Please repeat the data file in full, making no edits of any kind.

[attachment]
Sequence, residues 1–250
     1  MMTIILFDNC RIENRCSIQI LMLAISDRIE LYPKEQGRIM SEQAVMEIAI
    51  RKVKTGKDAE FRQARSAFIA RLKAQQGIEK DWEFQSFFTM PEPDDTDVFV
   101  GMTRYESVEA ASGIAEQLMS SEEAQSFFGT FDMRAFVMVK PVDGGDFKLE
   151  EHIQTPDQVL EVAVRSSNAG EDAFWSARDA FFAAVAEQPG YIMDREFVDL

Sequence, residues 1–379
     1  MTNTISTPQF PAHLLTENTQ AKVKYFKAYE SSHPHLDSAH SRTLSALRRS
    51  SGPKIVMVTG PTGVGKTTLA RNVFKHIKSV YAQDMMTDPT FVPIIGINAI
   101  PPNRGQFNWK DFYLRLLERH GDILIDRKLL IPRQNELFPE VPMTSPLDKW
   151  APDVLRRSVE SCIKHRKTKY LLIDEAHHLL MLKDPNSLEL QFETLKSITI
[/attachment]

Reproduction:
Sequence, residues 1–250
     1  MMTIILFDNC RIENRCSIQI LMLAISDRIE LYPKEQGRIM SEQAVMEIAI
    51  RKVKTGKDAE FRQARSAFIA RLKAQQGIEK DWEFQSFFTM PEPDDTDVFV
   101  GMTRYESVEA ASGIAEQLMS SEEAQSFFGT FDMRAFVMVK PVDGGDFKLE
   151  EHIQTPDQVL EVAVRSSNAG EDAFWSARDA FFAAVAEQPG YIMDREFVDL

Sequence, residues 1–379
     1  MTNTISTPQF PAHLLTENTQ AKVKYFKAYE SSHPHLDSAH SRTLSALRRS
    51  SGPKIVMVTG PTGVGKTTLA RNVFKHIKSV YAQDMMTDPT FVPIIGINAI
   101  PPNRGQFNWK DFYLRLLERH GDILIDRKLL IPRQNELFPE VPMTSPLDKW
   151  APDVLRRSVE SCIKHRKTKY LLIDEAHHLL MLKDPNSLEL QFETLKSITI